This booklet, originally from our UK partners, will help you get the most out of your training with the PoolMateHR. Learn how swimming heart rate differs from dry land activity, and then complete some of the swim sessions and drills to improve your fitness and swimming by renowned swim coaches that are packed into the guide. Best of all, it’s free! Read on see a sample chapter on aerobic capacity testing with the PoolMate HR, or download the entire guide complete with workouts below.
How to test aerobic capacity using the PoolMate HR
If you are a regular swimmer, you probably either have a set session or training schedule to follow, but how do you know differentiate between technical improvements and fitness improvements? For the fitness aspect, heart rate can be an excellent way to track aerobic fitness levels. A solid training program should bring decreases of 10-20 beats per minute over several weeks of training (Maglischo, Swimming fastest), but a personal coach is not in the cards for everyone to create such a regime. With the Poolmate HR heart rate belt and watch, you can test your aerobic capacity at monthly intervals with the technique below. To maximize consistency, make sure each test is completed on the same day of the week, at the same time, in the same pool, with similar preparations such as diet and sleep etc. after an easy day/ day off of training so you are rested. Swim as near as possible to the same level of effort and same stroke type, and take the same amount of time for rest.
1. Press start on the watch,
2. Swim a good warm up- 400m or so easy, press start to pause
3. Swim 10 sets of 200m with 20 seconds recovery between each set (press start when you are ready to swim, press start to pause after the first 200m, wait until the watch counts to 20, press start again and swim your next 200. Repeat 9 more times.)
4. Each 200m should be at a fairly intense but manageable speed. Try to swim each set at that pace.
5. After the last 200m, rest for 1 minute- this is important as we need to see your recovery heart rate too.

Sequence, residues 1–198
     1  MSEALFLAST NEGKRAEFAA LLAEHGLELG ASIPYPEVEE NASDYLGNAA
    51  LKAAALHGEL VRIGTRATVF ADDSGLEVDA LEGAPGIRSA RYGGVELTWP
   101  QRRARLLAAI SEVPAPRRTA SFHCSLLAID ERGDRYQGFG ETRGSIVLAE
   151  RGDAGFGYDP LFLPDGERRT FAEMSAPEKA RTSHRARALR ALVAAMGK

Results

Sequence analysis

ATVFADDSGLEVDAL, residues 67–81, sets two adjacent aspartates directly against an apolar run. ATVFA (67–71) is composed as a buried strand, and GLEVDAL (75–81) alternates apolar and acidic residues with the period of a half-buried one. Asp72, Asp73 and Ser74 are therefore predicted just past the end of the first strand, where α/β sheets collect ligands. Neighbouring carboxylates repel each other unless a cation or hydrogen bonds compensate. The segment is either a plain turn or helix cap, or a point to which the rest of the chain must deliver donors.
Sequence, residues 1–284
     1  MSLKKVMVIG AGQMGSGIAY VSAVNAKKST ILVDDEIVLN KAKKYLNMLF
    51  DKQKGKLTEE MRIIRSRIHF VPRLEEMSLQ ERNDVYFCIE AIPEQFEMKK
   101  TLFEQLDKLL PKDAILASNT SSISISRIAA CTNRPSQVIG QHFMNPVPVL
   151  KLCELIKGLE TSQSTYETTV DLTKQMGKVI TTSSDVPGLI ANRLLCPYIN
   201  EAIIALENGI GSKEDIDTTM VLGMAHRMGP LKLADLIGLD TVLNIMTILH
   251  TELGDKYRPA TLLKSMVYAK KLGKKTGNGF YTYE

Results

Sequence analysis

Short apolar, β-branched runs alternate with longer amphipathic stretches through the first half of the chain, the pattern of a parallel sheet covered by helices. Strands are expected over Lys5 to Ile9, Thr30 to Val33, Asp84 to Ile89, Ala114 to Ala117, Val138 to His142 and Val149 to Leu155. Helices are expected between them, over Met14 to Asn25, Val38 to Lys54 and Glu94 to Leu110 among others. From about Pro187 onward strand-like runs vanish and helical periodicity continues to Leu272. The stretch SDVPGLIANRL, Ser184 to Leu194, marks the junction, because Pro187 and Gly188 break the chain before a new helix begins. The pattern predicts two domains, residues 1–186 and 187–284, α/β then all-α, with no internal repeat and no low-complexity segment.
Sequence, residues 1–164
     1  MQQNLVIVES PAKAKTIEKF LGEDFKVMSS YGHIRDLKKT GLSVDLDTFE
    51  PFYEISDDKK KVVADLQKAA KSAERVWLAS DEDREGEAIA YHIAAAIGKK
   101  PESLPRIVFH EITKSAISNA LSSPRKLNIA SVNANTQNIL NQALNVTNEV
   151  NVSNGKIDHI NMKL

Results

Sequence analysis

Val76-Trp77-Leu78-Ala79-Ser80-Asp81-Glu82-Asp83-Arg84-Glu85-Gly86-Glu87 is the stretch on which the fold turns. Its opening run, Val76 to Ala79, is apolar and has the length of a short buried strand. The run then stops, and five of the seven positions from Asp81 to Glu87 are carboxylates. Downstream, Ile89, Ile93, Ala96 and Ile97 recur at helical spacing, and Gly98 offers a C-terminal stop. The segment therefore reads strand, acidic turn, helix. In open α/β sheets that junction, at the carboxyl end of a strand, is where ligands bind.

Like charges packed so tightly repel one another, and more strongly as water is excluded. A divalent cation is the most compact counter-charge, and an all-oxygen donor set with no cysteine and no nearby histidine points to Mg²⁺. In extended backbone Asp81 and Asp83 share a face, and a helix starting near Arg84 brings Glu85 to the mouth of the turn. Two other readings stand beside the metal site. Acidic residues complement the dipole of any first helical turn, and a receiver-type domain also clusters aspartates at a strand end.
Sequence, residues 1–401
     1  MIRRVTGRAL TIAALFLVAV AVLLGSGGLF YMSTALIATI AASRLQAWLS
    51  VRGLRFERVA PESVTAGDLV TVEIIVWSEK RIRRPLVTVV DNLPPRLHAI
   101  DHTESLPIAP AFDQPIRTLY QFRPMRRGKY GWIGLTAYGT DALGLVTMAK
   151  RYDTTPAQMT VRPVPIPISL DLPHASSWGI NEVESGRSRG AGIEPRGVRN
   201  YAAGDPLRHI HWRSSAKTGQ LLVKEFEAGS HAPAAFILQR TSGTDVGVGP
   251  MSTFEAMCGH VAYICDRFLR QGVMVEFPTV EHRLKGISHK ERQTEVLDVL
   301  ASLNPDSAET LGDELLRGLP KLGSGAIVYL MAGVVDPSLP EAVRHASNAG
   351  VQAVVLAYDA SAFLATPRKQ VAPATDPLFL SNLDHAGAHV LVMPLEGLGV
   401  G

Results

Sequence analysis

6. Cool down for a good 5 minutes or longer until your heart rate is at normal levels.
7. Upload your data to the PoolMatePro software, select the sets data tab in the top right of the screen and you will see your time for the set, it you scroll along to the right you will see your average heart rate for that set.
You need the average heart rate and time for all 10 sets, take the average of all ten average heart rate values and all ten times. Then take a look at your heart rate 45 seconds after the end of the last set and make a note of that too. This will give an idea of how quickly you can recover. Here are the results of 2 sessions taken one month apart:
|Session||Date||Average time||Average HR in set||Recovery HR|
|10 x 200m||01-03-13||3:45||145||114|
|10 x 200m||02-04-13||3:42||145||104|
Even though the active heart rate remains unchanged, the combination of a shorter average time and decreased recovery heart can indicate an increased aerobic fitness. In the second session it takes 3 seconds less per 200m on average, another indicator that aerobic fitness has likely increased. Heart rate values can change from day to day naturally, so it’s best if you can repeat the test over several sessions to get a good picture of the underlying trend. The recovery heart rate is thought to be a better indicator of fitness than working heart rate and a lower number means you are recovering quicker so are getting fitter. Beware, if your recovery heart rate is higher than the month before this can mean you are overtraining, failing to adapt or coming down with an illness. So take a look at how much training you are doing and how you feel, cut it back if necessary to give your body time to recover. Let us know what techniques you use with your PoolMate HR in the comments below, or tweet @swimovateUSA!